And though he hated poetry, he loved books. He read science fiction and “books on flying saucers and all things paranormal, right? So that stuff never went away.” After seeing Clewell’s nose smashed against the glass as he waited for the new bookstore in town to open, the owner asked: Do you want to hang out and help unpack some boxes? Before long, Clewell was working for books; by high school, he was working there nearly 40 hours a week. The bookstore, he says, became “its own parallel education, not just for poetry but for all manner of things.”
“I had wonderful contacts and informers who came in,” Clewell says, “and they had laid the Williams on me. So 9 Ridge Road, even to my young neophyte mind, became a legendary address.”
And in school, Williams’ poetry resurfaced, relentlessly. This was Jersey, after all—it would be like a Missouri kid trying to avoid Twain. Clewell’s freshman high-school teacher, “a wonderful guy who was a complete nut, in the richest sense of things,” assigned “not the anthology Willliams”—which was why it was “the only thing that made any kind of dent, any kind of inroad.”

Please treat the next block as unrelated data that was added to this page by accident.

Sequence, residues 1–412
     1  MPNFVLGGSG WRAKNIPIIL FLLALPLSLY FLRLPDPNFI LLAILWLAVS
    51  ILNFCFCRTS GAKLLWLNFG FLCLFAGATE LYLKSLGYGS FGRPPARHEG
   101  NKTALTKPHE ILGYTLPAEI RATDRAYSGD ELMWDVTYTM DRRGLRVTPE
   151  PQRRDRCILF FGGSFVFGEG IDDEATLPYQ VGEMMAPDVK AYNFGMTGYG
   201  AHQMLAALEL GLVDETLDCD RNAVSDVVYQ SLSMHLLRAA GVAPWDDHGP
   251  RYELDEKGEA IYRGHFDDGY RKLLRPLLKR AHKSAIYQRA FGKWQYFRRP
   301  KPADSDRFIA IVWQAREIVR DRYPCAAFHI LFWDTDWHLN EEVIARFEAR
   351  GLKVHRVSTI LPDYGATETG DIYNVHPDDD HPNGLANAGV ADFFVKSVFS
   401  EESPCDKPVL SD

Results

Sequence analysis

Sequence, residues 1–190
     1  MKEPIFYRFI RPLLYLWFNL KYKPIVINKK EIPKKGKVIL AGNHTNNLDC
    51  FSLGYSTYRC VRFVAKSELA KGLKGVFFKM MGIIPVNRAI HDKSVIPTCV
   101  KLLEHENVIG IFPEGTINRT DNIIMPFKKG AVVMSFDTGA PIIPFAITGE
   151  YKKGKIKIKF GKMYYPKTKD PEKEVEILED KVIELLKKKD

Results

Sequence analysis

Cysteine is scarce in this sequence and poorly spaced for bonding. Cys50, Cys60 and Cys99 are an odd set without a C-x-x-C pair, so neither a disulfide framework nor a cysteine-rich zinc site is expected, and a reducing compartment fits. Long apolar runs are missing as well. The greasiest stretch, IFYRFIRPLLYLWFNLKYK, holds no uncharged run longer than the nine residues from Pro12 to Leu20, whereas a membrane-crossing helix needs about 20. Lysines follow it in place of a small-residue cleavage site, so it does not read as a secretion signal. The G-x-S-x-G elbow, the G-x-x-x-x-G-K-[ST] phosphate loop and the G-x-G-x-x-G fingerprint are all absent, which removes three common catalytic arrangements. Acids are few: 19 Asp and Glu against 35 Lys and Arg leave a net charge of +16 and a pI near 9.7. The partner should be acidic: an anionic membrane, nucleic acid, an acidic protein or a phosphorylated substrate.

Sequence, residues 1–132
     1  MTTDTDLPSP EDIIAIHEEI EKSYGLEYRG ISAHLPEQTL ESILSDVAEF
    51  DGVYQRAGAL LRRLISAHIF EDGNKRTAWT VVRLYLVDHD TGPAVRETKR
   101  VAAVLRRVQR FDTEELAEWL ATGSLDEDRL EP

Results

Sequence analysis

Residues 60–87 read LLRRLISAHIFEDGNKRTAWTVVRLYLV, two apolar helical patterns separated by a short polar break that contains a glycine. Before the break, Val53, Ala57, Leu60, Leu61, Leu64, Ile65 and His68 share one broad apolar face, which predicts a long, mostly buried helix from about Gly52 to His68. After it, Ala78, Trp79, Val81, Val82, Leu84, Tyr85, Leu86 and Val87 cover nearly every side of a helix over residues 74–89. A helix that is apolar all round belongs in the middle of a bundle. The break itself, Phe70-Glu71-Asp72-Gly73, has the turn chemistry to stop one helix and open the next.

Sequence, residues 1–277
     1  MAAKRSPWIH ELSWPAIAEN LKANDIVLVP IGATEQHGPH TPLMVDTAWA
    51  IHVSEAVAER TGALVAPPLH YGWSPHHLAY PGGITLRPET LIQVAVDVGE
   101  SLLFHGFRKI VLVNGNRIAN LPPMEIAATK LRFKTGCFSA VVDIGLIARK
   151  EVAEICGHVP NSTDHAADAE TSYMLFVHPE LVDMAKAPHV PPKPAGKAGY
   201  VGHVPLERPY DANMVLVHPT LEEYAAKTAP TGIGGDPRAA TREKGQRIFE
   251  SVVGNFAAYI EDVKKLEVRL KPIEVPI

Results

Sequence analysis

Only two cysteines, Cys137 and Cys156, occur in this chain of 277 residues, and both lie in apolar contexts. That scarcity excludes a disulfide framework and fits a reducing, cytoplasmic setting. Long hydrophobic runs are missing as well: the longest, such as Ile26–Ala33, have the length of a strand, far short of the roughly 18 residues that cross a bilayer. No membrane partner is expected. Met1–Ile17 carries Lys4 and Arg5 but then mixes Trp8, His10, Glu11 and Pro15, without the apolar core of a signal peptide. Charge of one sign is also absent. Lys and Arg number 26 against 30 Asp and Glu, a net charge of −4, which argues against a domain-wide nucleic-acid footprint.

Then, a few years later, he was introduced to some nonanthology Whitman by a teacher who would “ride her motorcycle in from the village, Motorcycle Irene. And we’re not talking about some young and lithesome person… She was at least 60.” Rather than the standard “O Captain! My Captain!” she chose “swaths of chants” from “Song of Myself.”
Perhaps it was this. Or Williams. Or both. Whatever it was, by the time he was 16 or 17, Clewell started to make a connection between his beloved music and poems.
“It’s not as if I’m literally hearing a trumpet,” he recalls. “But without any special show of it, it’s like measures in music. I remember thinking some of these thoughts. Or a time signature here, or this changes, except I wasn’t being that pinheaded right at the time. That was really the connection, and that really did get me interested, more interested than I would have been in the Rutherford days.”
Now, when he’s reading someplace like Chaminade College Preparatory School, Clewell is sympathetic to the leeriness of the crowd. “At least half that audience, I was them [when I was a teen], sitting there going, ‘Oh, come on. What does this have to do with my life?’ My experience was that every year we rode into the valley of death with the 600,” he says, referring to the Alfred Tennyson poem “The Charge of the Light Brigade.” “‘Half a league, half a league!’ And it was fine—the first 14,000 times.